General Crime

* Patricia Morgen, 62, Founder Of Chicago Development And Planning An Emeryville Woman, Admits To $8 Million Mortgage Fraud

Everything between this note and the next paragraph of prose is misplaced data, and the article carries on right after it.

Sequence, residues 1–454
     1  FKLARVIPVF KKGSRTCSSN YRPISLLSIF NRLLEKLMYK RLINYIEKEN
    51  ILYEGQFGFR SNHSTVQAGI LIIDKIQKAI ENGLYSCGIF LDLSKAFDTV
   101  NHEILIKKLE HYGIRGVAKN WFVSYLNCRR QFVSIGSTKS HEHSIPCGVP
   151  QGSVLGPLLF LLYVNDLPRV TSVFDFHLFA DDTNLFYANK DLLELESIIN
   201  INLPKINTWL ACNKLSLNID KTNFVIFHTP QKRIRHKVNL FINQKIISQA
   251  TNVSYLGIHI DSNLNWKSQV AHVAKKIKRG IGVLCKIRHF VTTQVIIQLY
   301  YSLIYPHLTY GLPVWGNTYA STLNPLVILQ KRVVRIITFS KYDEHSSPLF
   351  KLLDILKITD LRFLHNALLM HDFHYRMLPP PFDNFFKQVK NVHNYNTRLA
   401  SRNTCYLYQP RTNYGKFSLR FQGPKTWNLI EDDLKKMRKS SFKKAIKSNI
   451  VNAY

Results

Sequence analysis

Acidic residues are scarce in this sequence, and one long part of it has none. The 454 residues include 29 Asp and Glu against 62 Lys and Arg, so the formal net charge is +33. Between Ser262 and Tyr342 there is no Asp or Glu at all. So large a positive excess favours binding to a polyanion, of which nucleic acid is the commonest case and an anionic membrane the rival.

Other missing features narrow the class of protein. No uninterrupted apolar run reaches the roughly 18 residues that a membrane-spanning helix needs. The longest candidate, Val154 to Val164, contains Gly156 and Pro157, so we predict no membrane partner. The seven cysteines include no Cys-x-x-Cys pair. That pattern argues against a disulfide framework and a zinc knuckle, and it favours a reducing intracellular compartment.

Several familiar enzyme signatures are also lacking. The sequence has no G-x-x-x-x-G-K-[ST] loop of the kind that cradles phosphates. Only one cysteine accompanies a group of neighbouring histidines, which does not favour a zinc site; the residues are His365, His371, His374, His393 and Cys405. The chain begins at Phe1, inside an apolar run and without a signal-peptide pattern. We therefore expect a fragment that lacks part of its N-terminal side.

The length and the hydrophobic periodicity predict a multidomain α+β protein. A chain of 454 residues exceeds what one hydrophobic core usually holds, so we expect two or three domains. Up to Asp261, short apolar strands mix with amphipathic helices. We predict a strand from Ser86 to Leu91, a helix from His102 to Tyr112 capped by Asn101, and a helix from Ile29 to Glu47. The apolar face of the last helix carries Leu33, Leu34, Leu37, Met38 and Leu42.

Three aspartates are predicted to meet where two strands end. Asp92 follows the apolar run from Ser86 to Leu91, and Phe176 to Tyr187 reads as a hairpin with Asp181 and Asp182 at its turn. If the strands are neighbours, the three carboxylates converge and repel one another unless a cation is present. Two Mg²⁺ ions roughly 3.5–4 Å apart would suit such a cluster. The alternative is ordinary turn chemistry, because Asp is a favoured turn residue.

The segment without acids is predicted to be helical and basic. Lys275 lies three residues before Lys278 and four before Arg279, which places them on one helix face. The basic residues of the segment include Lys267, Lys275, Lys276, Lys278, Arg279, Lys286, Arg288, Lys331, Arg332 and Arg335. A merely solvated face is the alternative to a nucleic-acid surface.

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An Emeryville woman has pleaded guilty in federal court in San Francisco to charges in a mortgage fraud that cost investors and lenders more than $8 million. U.S. Attorney Joseph Russoniello said Patricia Morgen, 62, founder of a real estate firm called Chicago Development and Planning, pleaded guilty Wednesday to five charges of mail fraud, wire fraud and money laundering.Morgen admitted in a written plea agreement that she bilked investors and lenders out of a total of $8.4 million through two related schemes operated through the real estate company between 2000 and 2004.One of the frauds was a Ponzi scheme in which supposed profits for investors were funded with money supplied by other investors. Morgen said in the plea that she defrauded 400 investors in this way.She admitted that in the second scheme, a mortgage broker and lenders were defrauded through false loan applications.As part of the plea bargain,  Morgen agreed to pay $8.4 million in restitution to the two groups of victims.Morgen is in custody and will be sentenced by U.S. District Judge Charles Breyer on April 7. Prosecution and defense attorneys agreed in the plea document that under federal sentencing guidelines, the penalty could range from 10 to 20 years in prison, but said the guidelines are not binding on the judge.The fraud came to light in 2004 when the U.S. Securities and Exchange Commission filed a civil lawsuit against Morgen, alleging that she falsely promised investors profits of up to 36 percent per year and diverted hundreds of thousands of dollars to her personal use. The SEC eventually obtained a default judgment against Morgen when she failed to appear in court proceedings. Morgen said in the plea document that when she learned of the SEC lawsuit, she instructed employees to destroy documents and then fled to Mexico. Scott O’Briant, chief of the U.S. Internal Revenue Service’s criminal investigation field office in Oakland, said, “This case shows that the appearance of success can be a mask for a tangled financial web of lies.”Morgen’s defense attorney was not immediately available for comment.

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